Go to Main NavigationGo to Secondary NavigationGo to SearchGo to Left NavigationSkip to Main ContentGo to Footer Navigation
Two students in foreground talking, two in background talking on a fall day.
Facebook Twitter YouTube RSS

Guidelines for Documentation of a Motor Disability

A motor disability must currently substantially limit major life activity, including fine, gross, and visual motor skills, to support eligibility under section 504 of the Rehabilitation Act of 1973 and the Americans with Disabilities act of 1990. Documentation must, therefore, support this eligibility, as well as any requests for reasonable accommodations. The following guidelines describe the necessary components of acceptable documentation for students with motor disabilities. Students are encourage to provide their clinicians with a copy of these guidelines.

1.  Testing must involve a comprehensive psycho-educational evaluation and must address all of the following:

  • Aptitude/Cognitive Ability: A complete intellectual assessment with all subtests and standard scores reported is essential.
  • Academic Achievement: A comprehensive academic achievement battery is essential, with all subtests administered. The battery must include current levels of academic functioning in relevant areas such as reading (decoding and comprehension), mathematics, and oral and written language.
  • Information Processing: Specific areas of information processing short and long term; memory sequential; auditory and visual perception/processing; processing speed) must be assessed and should be addressed in the written interpretive summary of the documentation.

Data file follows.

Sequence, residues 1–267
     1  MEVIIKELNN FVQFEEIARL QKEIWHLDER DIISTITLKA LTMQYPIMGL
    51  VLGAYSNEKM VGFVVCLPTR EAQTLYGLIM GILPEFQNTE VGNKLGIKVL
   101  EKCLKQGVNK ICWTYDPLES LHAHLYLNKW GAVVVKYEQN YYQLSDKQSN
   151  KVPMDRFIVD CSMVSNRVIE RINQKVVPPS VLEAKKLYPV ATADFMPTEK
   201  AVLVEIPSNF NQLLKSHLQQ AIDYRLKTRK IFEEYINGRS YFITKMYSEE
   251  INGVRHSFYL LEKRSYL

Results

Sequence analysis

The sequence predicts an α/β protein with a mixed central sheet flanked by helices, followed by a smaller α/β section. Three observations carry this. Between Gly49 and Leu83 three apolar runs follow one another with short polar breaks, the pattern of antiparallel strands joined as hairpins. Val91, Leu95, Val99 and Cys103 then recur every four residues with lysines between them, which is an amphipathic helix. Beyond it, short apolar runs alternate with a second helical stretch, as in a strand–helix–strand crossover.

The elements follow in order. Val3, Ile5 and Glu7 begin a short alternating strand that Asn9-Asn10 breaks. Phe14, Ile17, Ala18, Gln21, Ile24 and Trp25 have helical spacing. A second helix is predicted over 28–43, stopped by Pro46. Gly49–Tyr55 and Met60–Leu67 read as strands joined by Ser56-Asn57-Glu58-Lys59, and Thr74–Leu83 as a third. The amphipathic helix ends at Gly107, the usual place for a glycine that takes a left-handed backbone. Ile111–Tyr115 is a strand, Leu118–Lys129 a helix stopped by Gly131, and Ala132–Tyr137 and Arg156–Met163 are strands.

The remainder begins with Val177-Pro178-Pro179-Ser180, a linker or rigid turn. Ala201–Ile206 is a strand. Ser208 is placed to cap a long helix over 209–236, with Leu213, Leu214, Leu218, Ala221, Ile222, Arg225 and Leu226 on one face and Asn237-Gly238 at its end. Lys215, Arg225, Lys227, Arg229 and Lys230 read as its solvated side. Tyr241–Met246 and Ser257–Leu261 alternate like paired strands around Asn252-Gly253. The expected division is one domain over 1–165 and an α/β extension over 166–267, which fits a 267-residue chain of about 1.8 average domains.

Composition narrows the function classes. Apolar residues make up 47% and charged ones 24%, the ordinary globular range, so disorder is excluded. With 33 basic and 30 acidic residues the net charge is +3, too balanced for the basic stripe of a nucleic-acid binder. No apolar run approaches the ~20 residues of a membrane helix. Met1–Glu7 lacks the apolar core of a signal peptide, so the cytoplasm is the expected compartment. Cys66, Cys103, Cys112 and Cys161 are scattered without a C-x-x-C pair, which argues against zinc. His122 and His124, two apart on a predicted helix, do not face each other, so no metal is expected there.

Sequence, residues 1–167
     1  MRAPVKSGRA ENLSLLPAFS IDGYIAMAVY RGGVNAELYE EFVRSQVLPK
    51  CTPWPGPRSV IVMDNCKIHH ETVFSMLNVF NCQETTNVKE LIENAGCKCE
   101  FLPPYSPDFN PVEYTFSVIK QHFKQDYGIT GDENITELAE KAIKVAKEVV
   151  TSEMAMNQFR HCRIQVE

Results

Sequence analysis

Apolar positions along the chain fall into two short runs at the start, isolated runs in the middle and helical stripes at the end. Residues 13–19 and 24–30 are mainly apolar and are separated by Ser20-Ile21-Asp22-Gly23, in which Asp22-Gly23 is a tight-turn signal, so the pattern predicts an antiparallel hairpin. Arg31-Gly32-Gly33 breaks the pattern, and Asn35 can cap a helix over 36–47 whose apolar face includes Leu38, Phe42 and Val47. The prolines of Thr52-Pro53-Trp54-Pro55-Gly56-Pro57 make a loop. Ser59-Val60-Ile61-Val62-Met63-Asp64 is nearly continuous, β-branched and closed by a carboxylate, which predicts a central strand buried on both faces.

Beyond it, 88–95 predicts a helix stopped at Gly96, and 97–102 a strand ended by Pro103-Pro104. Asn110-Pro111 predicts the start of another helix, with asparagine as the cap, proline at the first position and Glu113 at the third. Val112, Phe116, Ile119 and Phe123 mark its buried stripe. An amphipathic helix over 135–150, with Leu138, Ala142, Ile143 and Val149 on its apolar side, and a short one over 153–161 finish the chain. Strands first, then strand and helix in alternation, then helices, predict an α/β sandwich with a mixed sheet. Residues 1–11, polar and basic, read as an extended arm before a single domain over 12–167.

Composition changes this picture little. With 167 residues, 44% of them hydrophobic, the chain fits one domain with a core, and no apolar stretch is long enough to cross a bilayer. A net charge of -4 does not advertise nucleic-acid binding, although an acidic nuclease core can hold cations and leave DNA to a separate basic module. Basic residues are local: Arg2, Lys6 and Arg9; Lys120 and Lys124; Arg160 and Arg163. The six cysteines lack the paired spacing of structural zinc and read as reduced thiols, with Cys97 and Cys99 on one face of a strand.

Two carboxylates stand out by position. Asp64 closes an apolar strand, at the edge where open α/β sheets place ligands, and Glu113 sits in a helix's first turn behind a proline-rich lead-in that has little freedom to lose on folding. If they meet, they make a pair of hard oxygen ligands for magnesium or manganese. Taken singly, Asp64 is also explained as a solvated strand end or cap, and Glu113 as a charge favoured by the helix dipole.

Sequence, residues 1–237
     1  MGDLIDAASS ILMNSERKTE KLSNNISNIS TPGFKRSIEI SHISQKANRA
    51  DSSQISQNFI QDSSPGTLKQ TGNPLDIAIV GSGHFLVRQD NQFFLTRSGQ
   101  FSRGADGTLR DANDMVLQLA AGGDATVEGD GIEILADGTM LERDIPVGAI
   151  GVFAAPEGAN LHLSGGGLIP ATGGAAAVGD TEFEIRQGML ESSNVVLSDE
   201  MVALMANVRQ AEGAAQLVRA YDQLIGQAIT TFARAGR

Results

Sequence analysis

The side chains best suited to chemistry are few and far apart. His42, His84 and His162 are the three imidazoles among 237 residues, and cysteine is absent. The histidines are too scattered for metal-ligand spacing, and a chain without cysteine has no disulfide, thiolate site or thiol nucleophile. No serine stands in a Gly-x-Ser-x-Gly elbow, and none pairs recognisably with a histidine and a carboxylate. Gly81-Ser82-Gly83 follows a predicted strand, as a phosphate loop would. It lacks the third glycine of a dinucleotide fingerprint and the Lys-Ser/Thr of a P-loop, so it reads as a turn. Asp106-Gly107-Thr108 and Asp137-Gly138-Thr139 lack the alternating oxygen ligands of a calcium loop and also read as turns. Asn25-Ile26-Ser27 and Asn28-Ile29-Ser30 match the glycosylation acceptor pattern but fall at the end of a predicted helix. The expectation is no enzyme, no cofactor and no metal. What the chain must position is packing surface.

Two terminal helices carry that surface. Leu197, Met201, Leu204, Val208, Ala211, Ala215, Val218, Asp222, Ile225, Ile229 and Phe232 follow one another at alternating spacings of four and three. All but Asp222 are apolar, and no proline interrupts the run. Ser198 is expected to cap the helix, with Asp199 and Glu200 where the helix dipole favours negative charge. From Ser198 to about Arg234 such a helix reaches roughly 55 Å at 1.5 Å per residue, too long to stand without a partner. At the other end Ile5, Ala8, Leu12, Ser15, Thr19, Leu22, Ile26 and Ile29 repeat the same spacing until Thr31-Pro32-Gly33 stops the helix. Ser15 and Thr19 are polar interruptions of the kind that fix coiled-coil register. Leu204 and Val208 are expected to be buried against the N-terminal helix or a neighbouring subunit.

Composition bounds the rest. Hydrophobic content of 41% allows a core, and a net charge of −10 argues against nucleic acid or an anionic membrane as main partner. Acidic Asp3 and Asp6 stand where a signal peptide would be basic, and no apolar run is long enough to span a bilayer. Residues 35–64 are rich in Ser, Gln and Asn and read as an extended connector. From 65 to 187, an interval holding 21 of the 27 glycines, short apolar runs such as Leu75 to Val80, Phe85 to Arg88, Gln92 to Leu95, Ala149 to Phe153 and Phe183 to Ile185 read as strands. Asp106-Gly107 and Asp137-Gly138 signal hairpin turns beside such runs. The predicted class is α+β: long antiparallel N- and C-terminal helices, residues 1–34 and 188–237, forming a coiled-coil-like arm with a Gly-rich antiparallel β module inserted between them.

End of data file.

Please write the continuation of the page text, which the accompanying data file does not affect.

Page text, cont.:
2.  Testing should be current, conducted during the past three years or after age 18, to assess the current impact of the student's disability on academic performance.

3.  Clear and specific evidence of a learning disability must be presented. Terms such as "learning differences", "learning styles", or "weaknesses" are not the equivalent of a learning disability.

4.  Actual test scores must be provided along with an interpretation of test results. Test protocol sheets or scores alone are not sufficient.

5.  A professional, qualified to conduct assessment and render a diagnosis of learning disability, must perform testing. Names and credentials, including licensing, certification and their areas of specialization must be clearly indicated on the report. All reports must be typed and dated.

6.  Testing must include information about the functional limitations of the student. Please indicate how the student's disability will affect his/her current participation in courses, programs, services, or any other activities of the University.

7.  Recommendations for accommodations must be based on objective evidence of a substantial limitation to learning and be supported by test results and clinical observation.

8.  Individual Education Programs (IEPs) may be provided, if available. However, please note that IEPs alone do not provide sufficient documentation to establish accommodations.

 

Link to PDF of Guidelines of a Motor Disability

 

Top